CD56, p53, and Cyclin D1 detection in plasma cells (PC) can help to predict prognosis of multiple myeloma (MM). Clinical and biochemical prognostic parameters were analysed in a group of 122 patients with primary diagnosed MM in the period 2011–2015. Bone marrow biopsies were analysed with Cyclin D1, p53, CD56 antibodies. Statistical analysis was performed using Microsoft Excel 2010 and Graph Pad Prism 5. Lack of CD56 expression and p53-positivity were significantly correlated with a low glomerular filtration rate (GFR), low platelet count and haemoglobin level, as well as with high serum creatinine levels. Patients with Cyclin D1 expression in PC had a significantly higher serum calcium level and more common osteolytic lesion in bones. CD56-negative as well as p53, Cyclin D1-positive groups had advanced Salmon–Durie MM stages by and significantly higher ß2-microglobulin. Expression of p53, Cyclin D1 and lack of CD56 antigen in PC are negative predictive factors in cases of MM, as these patients were diagnosed as having late Salmon–Durie stage and higher ß2-microglobulin level. Expression of p53 and lack of CD56 antigen in PC is associated with an increased creatinine level in blood and decreased GFR; therefore, these are criteria for chronic renal failure progression and poorer prognosis of MM.
There are about 2 billion people in the world who suffer from anaemia, mostly iron deficiency anaemia (IDA), by WHO data. Iron deficiency without anaemia is three times more common than IDA. In such patients, the condition of the small intestine should be evaluated, and malabsorption excluded. The aim of the study was to evaluate potential correlation between different types of enteropathy and iron absorption disturbances. The study was performed at the Latvian Maritime Medical Center “Gastroklinika” between the years 2014 and 2018. Iron absorption tests with 50 mg of oral iron gluconate were performed for each patient. Patients had filled in a FACIT questionnaire and had underwent video capsule endoscopy (VCE). A total of 48 patients were enrolled for analysis — 41 (85.4%) female and 7 (14.6%) male. Enteropathy was diagnosed in 35 cases: erosive — 17, erythematous — 12 and congestive — 6. By the time of VCE, 24 patients were suffering from anaemia. A total of 33 (68.7%) patients had problems with iron absorption, of whom 8 had no signs of enteropathy and 25 were diagnosed with enteropathy during VCE. IDA did not show a statistically significant correlation with enteropathy. However, the obtained results suggest that this should be studied further in association with small intestine malabsorption, to determine the precise role of enteropathy in IDA patients.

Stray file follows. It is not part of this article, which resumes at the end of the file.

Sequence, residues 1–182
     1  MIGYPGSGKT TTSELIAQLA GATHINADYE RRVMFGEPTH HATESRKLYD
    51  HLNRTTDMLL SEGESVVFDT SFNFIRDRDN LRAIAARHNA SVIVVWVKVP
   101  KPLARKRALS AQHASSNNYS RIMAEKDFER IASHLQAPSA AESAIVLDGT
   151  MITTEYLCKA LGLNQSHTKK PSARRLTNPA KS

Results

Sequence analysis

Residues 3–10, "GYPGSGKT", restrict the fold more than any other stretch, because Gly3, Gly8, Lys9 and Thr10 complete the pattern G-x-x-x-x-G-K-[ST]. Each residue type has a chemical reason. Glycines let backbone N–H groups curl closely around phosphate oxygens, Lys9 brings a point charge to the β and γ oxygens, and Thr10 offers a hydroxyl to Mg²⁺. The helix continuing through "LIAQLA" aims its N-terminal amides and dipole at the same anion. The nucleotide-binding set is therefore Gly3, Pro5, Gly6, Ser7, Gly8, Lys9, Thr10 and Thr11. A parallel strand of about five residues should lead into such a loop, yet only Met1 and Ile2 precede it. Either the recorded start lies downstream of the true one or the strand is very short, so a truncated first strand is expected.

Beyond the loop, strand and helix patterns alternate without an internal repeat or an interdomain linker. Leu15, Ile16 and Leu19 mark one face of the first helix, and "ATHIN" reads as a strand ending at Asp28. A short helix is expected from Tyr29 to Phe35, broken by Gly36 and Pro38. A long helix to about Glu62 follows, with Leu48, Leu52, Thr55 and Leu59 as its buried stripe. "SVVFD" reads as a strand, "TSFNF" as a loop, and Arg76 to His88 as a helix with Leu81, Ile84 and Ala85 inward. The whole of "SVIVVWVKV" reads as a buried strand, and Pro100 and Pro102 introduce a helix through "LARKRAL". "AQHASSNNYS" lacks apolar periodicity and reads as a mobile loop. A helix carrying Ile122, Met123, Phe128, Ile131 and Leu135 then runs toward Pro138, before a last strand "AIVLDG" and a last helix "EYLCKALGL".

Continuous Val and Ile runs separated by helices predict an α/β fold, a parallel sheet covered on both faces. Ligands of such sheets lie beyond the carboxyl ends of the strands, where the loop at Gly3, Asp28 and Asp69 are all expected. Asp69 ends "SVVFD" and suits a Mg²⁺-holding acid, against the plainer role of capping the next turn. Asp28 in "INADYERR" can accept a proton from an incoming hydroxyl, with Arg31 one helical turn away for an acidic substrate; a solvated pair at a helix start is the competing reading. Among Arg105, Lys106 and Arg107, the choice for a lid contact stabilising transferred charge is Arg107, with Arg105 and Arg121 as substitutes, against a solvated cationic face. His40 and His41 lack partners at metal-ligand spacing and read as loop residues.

The relationship between HHV-6 and HHV-7 reactivation and development of post-autologous peripheral stem cell transplantation complications was examined. The presence of viral genomic sequences in whole peripheral blood and cell free plasma was determined by nested PCR, HHV-6 and HHV-7 load by real-time PCR, virus specific antibodies and cytokines in serum by ELISA, and HHV-6 variants by restriction endonuclease analysis. Clinical features, reactivation of viruses and serum TNF- α, and IL-6 concentrations were determined in seventy-six patients with Roseolovirus infection before and after transplantation. Anti-HHV-6 antibodies were found in 62 of 76 (81.6%) patients before transplantation. A significantly higher rate of single HHV-7 infection was found in patients with viral infection in comparison with single HHV-6 infection (p = 0.0003) and concurrent (HHV-6 and HHV-7) infection (p = 0.0017). Complications after transplantation developed in 30.3% of patients and reactivation of viruses was detected in all of these patients. Significant increase of HHV-6 and HHV-7 reactivation with simultaneous increase of pro-inflammatory cytokines serum levels suggests that both viruses may be involved in the development of complications after autologous peripheral blood stem cell transplantation via their immunomodulatory ability. The kinetics of the Roseolovirus reactivation may reflect the potential role of HHV-7 as a co-factor for HHV-6 activation.